Either way, sources familiar with Never Back Down’s program to turn out voters for DeSantis in the Iowa caucuses shared some key aspects of the effort with The Dispatch

Let’s start with this: Through extensive use of data analytics, Never Back Down estimates a record 216,565 Iowans will vote in the 2024 caucuses. That would amount to roughly 30,000 more than participated in 2016, the last open GOP contest. (Incidentally, the candidate advised by Never Back Down chief strategist Jeff Roe in that race—Sen. Ted Cruz of Texas—finished first, 3.3 points ahead of Trump. Roe also advised the Republican winner of the 2008 Iowa caucuses, former Arkansas Gov. Mike Huckabee.) 

Regardless of how many Iowans show up for the caucus on what is likely to be a cold and possibly snowy night in mid-January, Never Back Down has accumulated more than 24,000 “commit to caucus” cards. These are cards with voters’ names and their contact information in which they have committed to caucus for DeSantis; Never Back Down has followed up with these voters multiple times, and believes the count is reliable. 

Included in that stack of cards is the name and contact of one particular Iowa voter who might influence others to join her: popular Gov. Kim Reynolds.

Caucuses are held in person, in the evening, and involve more than just marking a ballot. Caucusgoers have to hang around for a while, listening to speeches on behalf of the candidates before the voting commences. That’s why a sophisticated turnout operation can be a difference maker. To wit, Never Back Down has so far signed up 856 captains to man the state’s 1,656 voting precincts, in a bid to maximize turnout of DeSantis supporters at all 700 caucus sites.

Some of the larger precincts have more than one captain. But the key, Never Back Down officials believe, is that, No. 1, they already have captains for 52 percent of existing precincts; and No. 2, they were already having ongoing conversations with DeSantis supporters and other targeted voters in their precincts, a full two months before the election. Between now and then, each precinct captain is responsible for communicating with 131 Iowans viewed as likely GOP caucusgoers. 

The data from those conversations is meticulously collected and analyzed. Among the information on hand: whom a likely caucusgoer is supporting, when they came to that decision, whom their second choice is, and what issues they are prioritizing most. Never Back Down precinct captains, and the grassroots volunteers working under them, use this information to govern their discussions with individual voters and tailor specific, issues-based messages to specific voters.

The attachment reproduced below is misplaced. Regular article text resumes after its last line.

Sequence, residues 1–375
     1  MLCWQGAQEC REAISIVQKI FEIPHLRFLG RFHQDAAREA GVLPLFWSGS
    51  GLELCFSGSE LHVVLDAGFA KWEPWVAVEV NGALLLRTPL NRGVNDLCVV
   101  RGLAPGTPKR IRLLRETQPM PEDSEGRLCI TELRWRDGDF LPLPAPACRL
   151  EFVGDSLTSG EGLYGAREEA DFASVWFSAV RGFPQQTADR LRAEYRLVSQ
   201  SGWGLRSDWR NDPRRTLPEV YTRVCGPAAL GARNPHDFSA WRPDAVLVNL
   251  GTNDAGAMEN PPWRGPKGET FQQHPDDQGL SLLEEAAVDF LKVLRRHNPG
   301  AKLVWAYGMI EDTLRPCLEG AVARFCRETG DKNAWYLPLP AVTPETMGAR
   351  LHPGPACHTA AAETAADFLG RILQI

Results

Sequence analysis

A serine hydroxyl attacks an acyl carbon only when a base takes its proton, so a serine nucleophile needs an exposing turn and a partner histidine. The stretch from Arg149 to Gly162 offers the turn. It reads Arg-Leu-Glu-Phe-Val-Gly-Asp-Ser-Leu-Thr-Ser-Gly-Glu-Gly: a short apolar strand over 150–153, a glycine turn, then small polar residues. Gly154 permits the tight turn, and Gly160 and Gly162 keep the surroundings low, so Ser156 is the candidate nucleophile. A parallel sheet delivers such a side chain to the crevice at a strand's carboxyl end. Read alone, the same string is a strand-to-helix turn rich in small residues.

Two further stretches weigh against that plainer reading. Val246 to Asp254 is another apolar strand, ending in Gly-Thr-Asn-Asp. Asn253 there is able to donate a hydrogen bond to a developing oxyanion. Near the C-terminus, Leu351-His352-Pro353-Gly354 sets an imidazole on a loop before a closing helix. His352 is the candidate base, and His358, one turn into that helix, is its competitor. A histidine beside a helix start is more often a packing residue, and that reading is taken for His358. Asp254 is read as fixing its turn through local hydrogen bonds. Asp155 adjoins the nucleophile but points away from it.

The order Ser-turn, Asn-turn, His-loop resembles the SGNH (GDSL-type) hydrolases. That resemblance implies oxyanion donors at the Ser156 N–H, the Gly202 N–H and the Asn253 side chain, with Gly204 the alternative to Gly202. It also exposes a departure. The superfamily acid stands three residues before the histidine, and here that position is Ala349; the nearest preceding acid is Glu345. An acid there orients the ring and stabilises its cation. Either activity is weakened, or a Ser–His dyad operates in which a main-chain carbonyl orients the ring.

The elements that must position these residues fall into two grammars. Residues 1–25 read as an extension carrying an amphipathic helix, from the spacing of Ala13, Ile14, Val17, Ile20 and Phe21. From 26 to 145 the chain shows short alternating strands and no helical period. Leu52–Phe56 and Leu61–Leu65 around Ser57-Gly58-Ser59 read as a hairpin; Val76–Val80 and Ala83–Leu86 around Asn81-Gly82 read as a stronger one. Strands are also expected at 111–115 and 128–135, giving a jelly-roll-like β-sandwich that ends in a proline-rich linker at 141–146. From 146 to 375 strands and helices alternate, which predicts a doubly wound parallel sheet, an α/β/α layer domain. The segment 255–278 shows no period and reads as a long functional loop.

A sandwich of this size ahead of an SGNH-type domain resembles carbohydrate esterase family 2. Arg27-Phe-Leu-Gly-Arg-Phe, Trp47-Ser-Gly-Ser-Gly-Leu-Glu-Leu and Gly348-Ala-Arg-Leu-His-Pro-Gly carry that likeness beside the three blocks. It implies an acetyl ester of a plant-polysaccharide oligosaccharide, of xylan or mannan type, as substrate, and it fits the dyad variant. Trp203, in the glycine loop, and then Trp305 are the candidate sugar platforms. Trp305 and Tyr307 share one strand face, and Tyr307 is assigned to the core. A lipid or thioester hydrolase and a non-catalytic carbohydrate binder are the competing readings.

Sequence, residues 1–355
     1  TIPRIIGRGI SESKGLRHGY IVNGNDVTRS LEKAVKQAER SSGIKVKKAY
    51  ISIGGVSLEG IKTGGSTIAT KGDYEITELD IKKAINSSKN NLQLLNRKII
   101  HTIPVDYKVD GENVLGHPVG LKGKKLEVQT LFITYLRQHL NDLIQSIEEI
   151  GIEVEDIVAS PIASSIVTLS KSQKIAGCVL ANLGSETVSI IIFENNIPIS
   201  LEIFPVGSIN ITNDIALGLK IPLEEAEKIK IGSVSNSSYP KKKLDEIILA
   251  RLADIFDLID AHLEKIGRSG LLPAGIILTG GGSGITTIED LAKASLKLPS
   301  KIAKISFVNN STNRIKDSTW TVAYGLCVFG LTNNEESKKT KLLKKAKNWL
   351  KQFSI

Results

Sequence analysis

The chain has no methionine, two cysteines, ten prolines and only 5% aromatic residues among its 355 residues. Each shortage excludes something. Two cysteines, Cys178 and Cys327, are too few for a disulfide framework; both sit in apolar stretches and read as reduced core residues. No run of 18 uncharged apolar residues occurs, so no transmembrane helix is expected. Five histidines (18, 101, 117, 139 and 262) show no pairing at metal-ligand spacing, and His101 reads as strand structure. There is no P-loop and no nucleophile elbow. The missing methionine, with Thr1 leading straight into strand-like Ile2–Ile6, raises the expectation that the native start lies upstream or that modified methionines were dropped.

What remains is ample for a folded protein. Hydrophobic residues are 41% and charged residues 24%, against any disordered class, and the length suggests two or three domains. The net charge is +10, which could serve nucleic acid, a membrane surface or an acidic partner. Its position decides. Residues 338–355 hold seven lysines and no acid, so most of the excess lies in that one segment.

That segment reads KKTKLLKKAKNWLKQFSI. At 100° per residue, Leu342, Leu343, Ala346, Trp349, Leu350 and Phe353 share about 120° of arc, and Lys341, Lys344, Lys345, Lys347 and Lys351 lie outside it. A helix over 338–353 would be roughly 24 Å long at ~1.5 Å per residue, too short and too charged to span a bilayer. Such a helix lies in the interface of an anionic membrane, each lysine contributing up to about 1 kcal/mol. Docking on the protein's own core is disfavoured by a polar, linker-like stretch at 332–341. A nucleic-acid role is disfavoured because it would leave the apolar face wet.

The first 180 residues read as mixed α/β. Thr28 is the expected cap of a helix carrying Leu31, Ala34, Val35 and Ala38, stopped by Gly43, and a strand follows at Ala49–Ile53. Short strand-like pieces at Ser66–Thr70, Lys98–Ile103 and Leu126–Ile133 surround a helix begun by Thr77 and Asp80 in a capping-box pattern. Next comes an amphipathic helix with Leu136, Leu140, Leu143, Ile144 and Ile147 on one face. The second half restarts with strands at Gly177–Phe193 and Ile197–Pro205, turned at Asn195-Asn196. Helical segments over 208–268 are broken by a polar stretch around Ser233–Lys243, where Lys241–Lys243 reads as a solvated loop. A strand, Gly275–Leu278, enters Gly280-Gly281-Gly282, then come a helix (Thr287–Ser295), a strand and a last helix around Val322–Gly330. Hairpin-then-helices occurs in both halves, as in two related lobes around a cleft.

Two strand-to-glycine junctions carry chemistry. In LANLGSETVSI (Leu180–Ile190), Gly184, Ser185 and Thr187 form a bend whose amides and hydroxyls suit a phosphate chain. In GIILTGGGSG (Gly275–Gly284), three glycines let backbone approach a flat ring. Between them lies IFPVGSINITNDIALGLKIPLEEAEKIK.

Of course, it should go without saying: Candidates win campaigns. And so all of the accoutrement Never Back Down brings to the table as a political machine is not going to make up for serious deficiencies on the part of DeSantis. It’s also true the governor is facing at least two formidable opponents—one difficult to catch, the other who could be difficult to outrun.

Trump doesn’t just lead DeSantis in polling. The former president’s campaign told us Thursday that, earlier this week, it surpassed the collection of 45,000 “commit to caucus” cards. It’s unclear if those commitments are as airtight as Never Back Down believes theirs are. But if so, that’s yet another obstacle. 

Additionally, Nikki Haley has steadily gained ground on DeSantis since August. The former South Carolina governor and ex-U.S. ambassador to the United Nations now trails DeSantis in Iowa, in the RealClearPolitics polling average, by just 3 points. 

House GOP Grapples With Limits of Small Majority

Rep. Chip Roy of Texas took to the floor of the House of Representatives on Wednesday to rake Republican leadership over the coals. Here’s part of what he said:

I want my Republican colleagues to give me one thing, one, that I can go campaign on and say we did. One! Anybody sitting in the complex, if you want to come down to the floor and come explain to me one material, meaningful, significant thing the Republican majority has done besides, well, I guess it’s not as bad as the Democrats.

Those of you in Washington may have suddenly heard something during Roy’s speech: the sound of Democratic campaign ad makers throwing out their old scripts and clipping the video and audio from C-SPAN. Expect to hear Roy’s words in a swing House district near you next year.

But Roy raised a good question: What will House Republicans, hampered by an exceedingly narrow majority and a Senate and White House controlled by Democrats, run on in 2024? Much of this term has been dominated by leadership disputes and budget brinkmanship, like recent battles to avoid a government shutdown or the fight to raise the debt ceiling back in the spring.